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Cationic lipid-mediated delivery of proteins enables efficient protein-based genome editing in vitro and in vivo.

Zuris JA, Thompson DB, Shu Y, Guilinger JP, Bessen JL, Hu JH, Maeder ML, Joung JK, Chen ZY, Liu DR - Nat. Biotechnol. (2014)

Bottom Line: Current methods of protein delivery commonly suffer from low tolerance for serum, poor endosomal escape and limited in vivo efficacy.This approach mediates the potent delivery of nM concentrations of Cre recombinase, TALE- and Cas9-based transcription activators, and Cas9:sgRNA nuclease complexes into cultured human cells in media containing 10% serum.Delivery of unmodified Cas9:sgRNA complexes resulted in up to 80% genome modification with substantially higher specificity compared to DNA transfection.

View Article: PubMed Central - PubMed

Affiliation: 1] Department of Chemistry &Chemical Biology, Harvard University, Cambridge, Massachusetts, USA. [2] Howard Hughes Medical Institute, Harvard University, Cambridge, Massachusetts, USA.

ABSTRACT
Efficient intracellular delivery of proteins is needed to fully realize the potential of protein therapeutics. Current methods of protein delivery commonly suffer from low tolerance for serum, poor endosomal escape and limited in vivo efficacy. Here we report that common cationic lipid nucleic acid transfection reagents can potently deliver proteins that are fused to negatively supercharged proteins, that contain natural anionic domains or that natively bind to anionic nucleic acids. This approach mediates the potent delivery of nM concentrations of Cre recombinase, TALE- and Cas9-based transcription activators, and Cas9:sgRNA nuclease complexes into cultured human cells in media containing 10% serum. Delivery of unmodified Cas9:sgRNA complexes resulted in up to 80% genome modification with substantially higher specificity compared to DNA transfection. This approach also mediated efficient delivery of Cre recombinase and Cas9:sgRNA complexes into the mouse inner ear in vivo, achieving 90% Cre-mediated recombination and 20% Cas9-mediated genome modification in hair cells.

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Delivery of Cre recombinase to cultured human cells. (a) Fusion of either highly cationic (+36)GFP or highly anionic (−30)GFP to Cre recombinase. We used a HeLa reporter cell line that expresses DsRed upon Cre-mediated recombination to evaluate Cre delivery efficiency. (b) HeLa dsRed cells treated with 10 nM (−30)GFP-Cre and 1.5 µL of the cationic lipid formulation RNAiMAX. Cells were visualized after incubation for 48 hours in media containing 10% fetal bovine serum (FBS). (c) Delivery of (+36)GFP-Cre in 10% FBS media or in serum-free media, and (−30)GFP-Cre with or without the cationic lipid RNAiMAX (0.8 µL) in full-serum media. (d) Effect of cationic lipid dose on functional (−30)GFP-Cre delivery efficacy after 48 hours. (e) Comparison of several commercially available cationic lipids and polymers for functional delivery efficacy of (−30)dGFP-Cre. (f) RNAiMAX-mediated delivery of multiple anionic peptide or protein sequences fused to Cre. The net theoretical charge of the VP64 activation domain and the 3xFLAG tag is −22 and −7, respectively. All experiments were performed with 25 nM protein in 48-well plate format using 275 µL DMEM with 10% FBS and no antibiotics. Error bars reflect s.d. from three biological replicates performed on different days.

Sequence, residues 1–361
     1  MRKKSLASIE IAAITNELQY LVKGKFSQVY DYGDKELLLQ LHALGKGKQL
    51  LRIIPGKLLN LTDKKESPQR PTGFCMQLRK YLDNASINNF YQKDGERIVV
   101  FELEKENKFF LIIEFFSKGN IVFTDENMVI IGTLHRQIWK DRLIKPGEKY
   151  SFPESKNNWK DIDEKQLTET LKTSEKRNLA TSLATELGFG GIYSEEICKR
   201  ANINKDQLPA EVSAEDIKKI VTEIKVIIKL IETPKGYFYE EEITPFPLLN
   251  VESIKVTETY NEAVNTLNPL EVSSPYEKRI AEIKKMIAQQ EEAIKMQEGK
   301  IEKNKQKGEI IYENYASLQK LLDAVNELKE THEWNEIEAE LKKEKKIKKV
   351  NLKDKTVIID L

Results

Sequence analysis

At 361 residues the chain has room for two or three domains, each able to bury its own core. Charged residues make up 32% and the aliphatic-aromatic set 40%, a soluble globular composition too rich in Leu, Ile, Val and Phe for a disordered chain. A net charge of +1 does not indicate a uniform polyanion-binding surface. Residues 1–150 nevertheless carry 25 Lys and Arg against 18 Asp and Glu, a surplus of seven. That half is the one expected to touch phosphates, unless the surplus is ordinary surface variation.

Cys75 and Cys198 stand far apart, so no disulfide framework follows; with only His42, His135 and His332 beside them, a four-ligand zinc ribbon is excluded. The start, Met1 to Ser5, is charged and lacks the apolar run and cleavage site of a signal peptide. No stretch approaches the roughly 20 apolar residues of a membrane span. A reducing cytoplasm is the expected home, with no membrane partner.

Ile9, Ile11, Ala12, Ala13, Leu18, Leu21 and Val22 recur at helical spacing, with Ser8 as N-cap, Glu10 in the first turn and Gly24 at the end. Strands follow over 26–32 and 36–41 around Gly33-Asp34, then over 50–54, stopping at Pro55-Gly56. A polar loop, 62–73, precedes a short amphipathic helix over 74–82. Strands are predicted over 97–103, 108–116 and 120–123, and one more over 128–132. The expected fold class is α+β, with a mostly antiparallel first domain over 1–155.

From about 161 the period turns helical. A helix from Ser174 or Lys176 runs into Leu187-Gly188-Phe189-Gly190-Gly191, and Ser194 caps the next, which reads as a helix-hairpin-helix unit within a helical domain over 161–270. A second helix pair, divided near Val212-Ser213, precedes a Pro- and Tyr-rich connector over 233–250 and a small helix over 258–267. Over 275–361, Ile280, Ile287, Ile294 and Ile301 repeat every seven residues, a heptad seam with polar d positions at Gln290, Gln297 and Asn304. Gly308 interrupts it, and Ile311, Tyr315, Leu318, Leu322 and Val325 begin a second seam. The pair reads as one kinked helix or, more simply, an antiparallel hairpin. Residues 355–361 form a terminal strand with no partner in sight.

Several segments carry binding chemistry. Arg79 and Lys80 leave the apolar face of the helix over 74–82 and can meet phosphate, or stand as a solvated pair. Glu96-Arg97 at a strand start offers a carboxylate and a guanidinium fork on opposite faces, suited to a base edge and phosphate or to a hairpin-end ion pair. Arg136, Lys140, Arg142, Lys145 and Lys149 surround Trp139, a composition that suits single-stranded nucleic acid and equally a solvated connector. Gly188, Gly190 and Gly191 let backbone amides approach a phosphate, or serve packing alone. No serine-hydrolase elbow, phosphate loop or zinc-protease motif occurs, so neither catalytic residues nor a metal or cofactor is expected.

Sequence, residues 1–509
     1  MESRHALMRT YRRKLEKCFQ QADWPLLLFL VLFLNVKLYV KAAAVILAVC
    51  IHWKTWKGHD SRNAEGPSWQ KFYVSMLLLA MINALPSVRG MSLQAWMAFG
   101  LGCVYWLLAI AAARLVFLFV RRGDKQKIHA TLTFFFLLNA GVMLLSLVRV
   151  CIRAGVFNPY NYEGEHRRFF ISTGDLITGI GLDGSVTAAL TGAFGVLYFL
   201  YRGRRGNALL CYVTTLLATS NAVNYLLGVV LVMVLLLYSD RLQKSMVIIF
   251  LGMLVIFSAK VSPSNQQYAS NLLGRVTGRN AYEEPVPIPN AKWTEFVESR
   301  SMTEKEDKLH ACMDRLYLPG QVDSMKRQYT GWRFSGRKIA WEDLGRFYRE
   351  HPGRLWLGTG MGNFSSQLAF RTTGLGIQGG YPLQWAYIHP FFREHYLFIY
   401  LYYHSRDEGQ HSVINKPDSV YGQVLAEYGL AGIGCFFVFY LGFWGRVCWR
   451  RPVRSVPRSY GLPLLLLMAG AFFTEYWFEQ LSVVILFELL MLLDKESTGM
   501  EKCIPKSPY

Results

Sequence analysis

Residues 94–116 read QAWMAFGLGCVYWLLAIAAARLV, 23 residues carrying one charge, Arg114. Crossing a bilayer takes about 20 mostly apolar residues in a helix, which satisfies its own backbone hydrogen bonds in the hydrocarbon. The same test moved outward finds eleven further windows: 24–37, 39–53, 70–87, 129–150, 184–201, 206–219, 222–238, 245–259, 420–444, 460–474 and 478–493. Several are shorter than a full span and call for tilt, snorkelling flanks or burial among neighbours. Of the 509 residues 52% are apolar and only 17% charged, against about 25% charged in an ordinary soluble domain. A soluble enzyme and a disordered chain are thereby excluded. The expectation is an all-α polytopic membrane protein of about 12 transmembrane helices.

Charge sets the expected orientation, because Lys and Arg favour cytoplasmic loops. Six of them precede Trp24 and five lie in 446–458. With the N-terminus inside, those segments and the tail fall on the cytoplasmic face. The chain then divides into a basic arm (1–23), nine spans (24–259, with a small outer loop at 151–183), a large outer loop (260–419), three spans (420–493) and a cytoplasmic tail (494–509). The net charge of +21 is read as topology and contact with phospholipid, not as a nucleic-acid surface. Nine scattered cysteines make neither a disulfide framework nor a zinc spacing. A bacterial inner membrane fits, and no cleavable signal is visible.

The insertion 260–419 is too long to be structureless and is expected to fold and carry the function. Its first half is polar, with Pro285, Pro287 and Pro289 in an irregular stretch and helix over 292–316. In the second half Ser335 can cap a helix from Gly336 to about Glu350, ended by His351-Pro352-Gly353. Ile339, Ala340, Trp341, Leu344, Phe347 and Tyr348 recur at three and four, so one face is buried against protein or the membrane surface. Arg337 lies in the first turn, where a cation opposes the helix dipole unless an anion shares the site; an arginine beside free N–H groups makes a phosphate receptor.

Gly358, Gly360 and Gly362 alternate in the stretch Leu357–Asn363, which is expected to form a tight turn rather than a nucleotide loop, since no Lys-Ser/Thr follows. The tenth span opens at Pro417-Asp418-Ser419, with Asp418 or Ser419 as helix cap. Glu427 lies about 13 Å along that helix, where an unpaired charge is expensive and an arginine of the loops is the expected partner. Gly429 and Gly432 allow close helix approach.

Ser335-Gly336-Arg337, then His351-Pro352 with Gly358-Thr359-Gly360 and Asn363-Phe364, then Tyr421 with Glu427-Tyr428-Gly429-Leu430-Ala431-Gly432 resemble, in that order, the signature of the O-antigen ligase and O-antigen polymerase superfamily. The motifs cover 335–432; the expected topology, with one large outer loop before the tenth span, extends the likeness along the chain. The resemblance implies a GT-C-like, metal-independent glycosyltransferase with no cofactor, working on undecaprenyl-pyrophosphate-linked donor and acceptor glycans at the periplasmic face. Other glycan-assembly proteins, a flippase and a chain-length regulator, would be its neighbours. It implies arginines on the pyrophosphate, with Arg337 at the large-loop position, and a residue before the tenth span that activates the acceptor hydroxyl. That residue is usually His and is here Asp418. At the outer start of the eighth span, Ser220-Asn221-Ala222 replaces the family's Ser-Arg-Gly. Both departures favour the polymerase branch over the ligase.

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Figure 2: Delivery of Cre recombinase to cultured human cells. (a) Fusion of either highly cationic (+36)GFP or highly anionic (−30)GFP to Cre recombinase. We used a HeLa reporter cell line that expresses DsRed upon Cre-mediated recombination to evaluate Cre delivery efficiency. (b) HeLa dsRed cells treated with 10 nM (−30)GFP-Cre and 1.5 µL of the cationic lipid formulation RNAiMAX. Cells were visualized after incubation for 48 hours in media containing 10% fetal bovine serum (FBS). (c) Delivery of (+36)GFP-Cre in 10% FBS media or in serum-free media, and (−30)GFP-Cre with or without the cationic lipid RNAiMAX (0.8 µL) in full-serum media. (d) Effect of cationic lipid dose on functional (−30)GFP-Cre delivery efficacy after 48 hours. (e) Comparison of several commercially available cationic lipids and polymers for functional delivery efficacy of (−30)dGFP-Cre. (f) RNAiMAX-mediated delivery of multiple anionic peptide or protein sequences fused to Cre. The net theoretical charge of the VP64 activation domain and the 3xFLAG tag is −22 and −7, respectively. All experiments were performed with 25 nM protein in 48-well plate format using 275 µL DMEM with 10% FBS and no antibiotics. Error bars reflect s.d. from three biological replicates performed on different days.

Mentions: First, we tested whether the engineered supernegatively charged GFP variant,28 (−30)GFP, could mediate complexation and delivery of fused protein cargo (Fig. 1b). We translationally fused (−30)GFP to Cre recombinase to generate (−30)GFP-Cre; note that (−30) refers to the net theoretical charge of the GFP moiety, not the net charge of the fusion. We assayed a variety of commercially available cationic lipids for their ability to functionally deliver (−30)GFP-Cre into HeLa cells that only express DsRed upon Cre-mediated recombination (Fig. 2a). Lipofectamine RNAiMAX (Life Technologies), hereafter referred to as “RNAiMAX”, is a commercial reagent designed for delivery of siRNAs. Delivery of 10 nM (−30)GFP-Cre complexed with 1.5 µL RNAiMAX in DMEM (Dulbecco’s Modified Eagle’s Media plus GlutaMAX, Life Technologies) containing 10% fetal bovine serum (FBS) led to strong DsRed fluorescence signal among treated cells. Flow cytometry revealed that 48 hours after treatment, 52% of cells expressed DsRed consistent with Cre recombination (Fig. 2b).